Recalled Vehicles (so far)

* 2005-2010 Toyota Tacoma

* 2009-2010 Toyota Venza

* 2004-2009 Toyota Prius

* 2009–2010 Toyota RAV4

* 2009–2010 Toyota Corolla

* 2009–2010 Toyota Matrix

* 2005–2010 Toyota Avalon

* 2007–2010 Toyota Camry

* 2008-2010 Toyota Highlander

* 2007–2010 Toyota Tundra

* 2008–2010 Toyota Sequoia

And the following European models:

* 2005–2009 Toyota Aygo

* 2008–2009 Toyota iQ

* 2005–2009 Toyota Yaris

* 2006–2010 Toyota Auris

* 2006–2009 Toyota Corolla

* 2009–2010 Toyota Verso

* 2008–2009 Toyota Avensis

* 2005-2009 Toyota Rav4

Al Gore...We Has A Problem

On Tuesday February 1st, Steve Wozniac appeared on CNN to tell the world that Toyata's great green hope, the Prius hybrid, also had a problem but instead of having a glitch with the gas pedal, the brakes don't work either. A one second delay after applying the brake would account for an extra 100 feet of forward progress which -in turn- would account for even more lulz for Toyota owners and potential lolsuits. As of writing, Toyota has yet to officially recall the Prius, so watch your arse crossing the street in your local hipster neighbourhood.

What They Aren’t Telling You

Toyota was already under investigation by the National Highway Traffic Safety Administration and has been since 2004. Only because 16 people have died on American highways is this even being discussed. Toyota has constantly hid the facts from their customers and their sales representatives in a ditch effort to avoid total bankruptcy during the current economy.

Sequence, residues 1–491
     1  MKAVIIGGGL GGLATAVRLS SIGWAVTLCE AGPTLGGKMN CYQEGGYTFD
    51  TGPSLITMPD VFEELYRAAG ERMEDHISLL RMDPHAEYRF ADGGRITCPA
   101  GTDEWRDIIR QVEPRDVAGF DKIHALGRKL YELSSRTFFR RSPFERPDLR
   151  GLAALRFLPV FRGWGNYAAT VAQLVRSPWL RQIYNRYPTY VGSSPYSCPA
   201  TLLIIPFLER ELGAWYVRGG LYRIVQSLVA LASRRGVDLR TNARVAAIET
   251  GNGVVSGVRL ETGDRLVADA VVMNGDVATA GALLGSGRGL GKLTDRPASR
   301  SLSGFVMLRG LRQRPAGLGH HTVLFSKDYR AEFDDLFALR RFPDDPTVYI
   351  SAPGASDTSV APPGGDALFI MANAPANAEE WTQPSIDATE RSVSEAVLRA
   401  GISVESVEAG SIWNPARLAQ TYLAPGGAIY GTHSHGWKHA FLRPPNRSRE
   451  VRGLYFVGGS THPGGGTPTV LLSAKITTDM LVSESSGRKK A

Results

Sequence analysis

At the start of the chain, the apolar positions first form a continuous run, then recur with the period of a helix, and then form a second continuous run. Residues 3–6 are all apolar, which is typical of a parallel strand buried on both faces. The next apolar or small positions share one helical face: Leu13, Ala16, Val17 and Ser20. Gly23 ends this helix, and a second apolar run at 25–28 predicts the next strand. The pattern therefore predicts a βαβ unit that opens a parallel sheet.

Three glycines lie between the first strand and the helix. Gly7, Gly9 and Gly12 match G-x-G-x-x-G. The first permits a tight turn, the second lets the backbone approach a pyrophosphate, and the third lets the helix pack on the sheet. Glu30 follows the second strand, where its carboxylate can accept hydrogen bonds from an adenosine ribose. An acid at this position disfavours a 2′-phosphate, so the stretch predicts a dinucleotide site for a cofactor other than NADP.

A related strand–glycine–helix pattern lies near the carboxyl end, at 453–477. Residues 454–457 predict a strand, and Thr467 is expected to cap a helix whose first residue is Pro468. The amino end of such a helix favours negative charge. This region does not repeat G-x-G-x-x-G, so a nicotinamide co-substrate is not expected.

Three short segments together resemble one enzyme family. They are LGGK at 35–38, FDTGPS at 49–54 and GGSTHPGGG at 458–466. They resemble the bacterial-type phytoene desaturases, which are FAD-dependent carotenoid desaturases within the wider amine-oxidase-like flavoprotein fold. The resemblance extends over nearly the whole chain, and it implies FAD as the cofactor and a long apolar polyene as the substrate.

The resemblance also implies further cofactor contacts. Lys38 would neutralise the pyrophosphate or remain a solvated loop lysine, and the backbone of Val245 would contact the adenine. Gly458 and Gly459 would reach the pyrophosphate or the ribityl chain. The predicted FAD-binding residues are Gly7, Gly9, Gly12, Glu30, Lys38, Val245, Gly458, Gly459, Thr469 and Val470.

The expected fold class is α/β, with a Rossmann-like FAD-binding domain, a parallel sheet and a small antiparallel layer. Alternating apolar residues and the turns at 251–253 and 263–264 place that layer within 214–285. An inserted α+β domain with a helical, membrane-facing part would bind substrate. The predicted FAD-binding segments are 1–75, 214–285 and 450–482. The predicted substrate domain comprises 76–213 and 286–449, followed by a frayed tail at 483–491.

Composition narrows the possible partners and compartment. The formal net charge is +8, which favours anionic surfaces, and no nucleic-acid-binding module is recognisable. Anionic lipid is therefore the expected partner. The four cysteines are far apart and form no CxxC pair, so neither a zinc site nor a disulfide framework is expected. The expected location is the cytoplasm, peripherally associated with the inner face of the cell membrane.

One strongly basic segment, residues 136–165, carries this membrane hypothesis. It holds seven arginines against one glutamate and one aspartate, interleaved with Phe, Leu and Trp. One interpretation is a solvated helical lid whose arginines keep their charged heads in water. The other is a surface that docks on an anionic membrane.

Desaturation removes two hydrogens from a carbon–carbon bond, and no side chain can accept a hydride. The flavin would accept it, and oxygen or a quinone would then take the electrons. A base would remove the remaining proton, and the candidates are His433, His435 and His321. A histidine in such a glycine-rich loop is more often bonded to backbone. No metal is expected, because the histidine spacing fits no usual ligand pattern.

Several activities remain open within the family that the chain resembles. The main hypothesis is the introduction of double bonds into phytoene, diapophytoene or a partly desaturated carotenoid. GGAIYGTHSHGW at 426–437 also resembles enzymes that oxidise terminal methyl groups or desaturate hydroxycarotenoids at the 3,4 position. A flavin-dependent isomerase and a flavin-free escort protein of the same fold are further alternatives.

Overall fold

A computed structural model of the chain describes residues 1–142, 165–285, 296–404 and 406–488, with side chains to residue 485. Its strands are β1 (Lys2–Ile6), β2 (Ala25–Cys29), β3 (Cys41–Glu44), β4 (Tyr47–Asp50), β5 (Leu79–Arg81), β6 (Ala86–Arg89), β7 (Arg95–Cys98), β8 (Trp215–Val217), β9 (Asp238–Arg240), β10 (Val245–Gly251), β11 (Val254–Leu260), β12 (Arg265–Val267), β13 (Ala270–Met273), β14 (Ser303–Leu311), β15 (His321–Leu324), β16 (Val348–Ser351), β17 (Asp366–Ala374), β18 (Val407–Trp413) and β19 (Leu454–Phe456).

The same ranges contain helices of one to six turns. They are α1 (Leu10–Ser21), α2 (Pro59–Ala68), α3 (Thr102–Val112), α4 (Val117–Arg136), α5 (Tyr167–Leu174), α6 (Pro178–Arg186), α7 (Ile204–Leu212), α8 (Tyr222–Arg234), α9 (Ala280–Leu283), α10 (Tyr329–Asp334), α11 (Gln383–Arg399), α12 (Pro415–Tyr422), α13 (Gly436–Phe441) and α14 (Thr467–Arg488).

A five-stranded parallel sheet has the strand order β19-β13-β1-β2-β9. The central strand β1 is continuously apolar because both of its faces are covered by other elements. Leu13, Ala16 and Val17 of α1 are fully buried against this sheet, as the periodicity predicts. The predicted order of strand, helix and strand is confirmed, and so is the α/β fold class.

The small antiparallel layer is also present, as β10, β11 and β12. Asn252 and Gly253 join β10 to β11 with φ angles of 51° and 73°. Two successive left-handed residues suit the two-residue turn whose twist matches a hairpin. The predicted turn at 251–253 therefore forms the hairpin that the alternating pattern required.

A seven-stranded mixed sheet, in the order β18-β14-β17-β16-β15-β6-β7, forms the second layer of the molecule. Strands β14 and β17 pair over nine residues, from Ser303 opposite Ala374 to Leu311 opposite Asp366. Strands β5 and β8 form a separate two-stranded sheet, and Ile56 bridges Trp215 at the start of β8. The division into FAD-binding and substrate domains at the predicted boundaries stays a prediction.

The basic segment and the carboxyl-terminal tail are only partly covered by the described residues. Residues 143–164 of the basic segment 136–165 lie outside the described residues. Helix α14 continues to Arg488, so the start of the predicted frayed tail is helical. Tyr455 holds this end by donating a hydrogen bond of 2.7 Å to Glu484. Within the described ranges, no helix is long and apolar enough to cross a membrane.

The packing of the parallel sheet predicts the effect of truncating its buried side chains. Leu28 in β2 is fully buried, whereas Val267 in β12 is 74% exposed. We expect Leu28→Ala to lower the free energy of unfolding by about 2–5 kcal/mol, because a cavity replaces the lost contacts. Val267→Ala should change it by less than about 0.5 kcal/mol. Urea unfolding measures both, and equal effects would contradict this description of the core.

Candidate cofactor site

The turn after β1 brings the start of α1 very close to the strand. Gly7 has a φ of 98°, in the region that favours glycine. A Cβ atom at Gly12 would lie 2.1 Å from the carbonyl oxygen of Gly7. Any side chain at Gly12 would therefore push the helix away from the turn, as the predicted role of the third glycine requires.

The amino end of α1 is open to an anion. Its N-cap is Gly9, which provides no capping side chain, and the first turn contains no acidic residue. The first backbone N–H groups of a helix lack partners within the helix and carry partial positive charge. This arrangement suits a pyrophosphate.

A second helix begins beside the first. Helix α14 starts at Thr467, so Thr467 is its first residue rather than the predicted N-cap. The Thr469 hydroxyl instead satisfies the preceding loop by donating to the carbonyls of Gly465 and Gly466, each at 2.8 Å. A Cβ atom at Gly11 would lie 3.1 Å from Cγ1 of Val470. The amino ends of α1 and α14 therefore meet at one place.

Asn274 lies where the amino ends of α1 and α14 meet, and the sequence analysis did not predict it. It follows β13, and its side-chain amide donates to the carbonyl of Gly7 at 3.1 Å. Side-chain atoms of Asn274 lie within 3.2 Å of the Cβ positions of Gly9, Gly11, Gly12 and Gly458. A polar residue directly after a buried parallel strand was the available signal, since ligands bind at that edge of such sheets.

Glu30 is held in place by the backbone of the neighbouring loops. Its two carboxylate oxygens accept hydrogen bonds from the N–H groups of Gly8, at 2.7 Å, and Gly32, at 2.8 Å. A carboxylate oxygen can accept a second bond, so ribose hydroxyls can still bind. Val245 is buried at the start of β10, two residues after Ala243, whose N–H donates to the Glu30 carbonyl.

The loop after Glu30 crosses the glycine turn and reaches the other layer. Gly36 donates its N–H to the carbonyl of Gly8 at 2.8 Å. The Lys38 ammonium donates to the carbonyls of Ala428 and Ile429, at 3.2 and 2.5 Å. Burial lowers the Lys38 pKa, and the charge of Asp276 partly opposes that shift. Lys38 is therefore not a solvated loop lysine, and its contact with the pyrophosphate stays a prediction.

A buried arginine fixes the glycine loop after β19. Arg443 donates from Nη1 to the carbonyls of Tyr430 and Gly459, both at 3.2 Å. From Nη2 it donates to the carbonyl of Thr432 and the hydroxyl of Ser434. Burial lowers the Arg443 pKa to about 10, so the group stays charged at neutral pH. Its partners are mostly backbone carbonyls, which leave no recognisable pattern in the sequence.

Besides being under investigation for over six years, there are at least four class action lawsuits brought forth by both Canadian and American legal firms and the complaints extend back to the 1990s. experts believe that applying R-type stickers to the bumpers may decrease the accelerator problems…

Experts seem to think that the real problem lies in the new ignition system that many Toyotas employ. The in-dashboard ignition button (starting the car involves inserting a key and then pushing a button located on the dashboard) may have issues with the onboard computer being harmed by electromagnetism, but at this point nobody knows…except Toyota, and they are keeping mum about the issue. Suffice it to say, it would be a good idea not to expose your Camry to any sort of electrical activity…unless you want to hit a retaining wall at 120 miles an hour while $h!ting your drawers.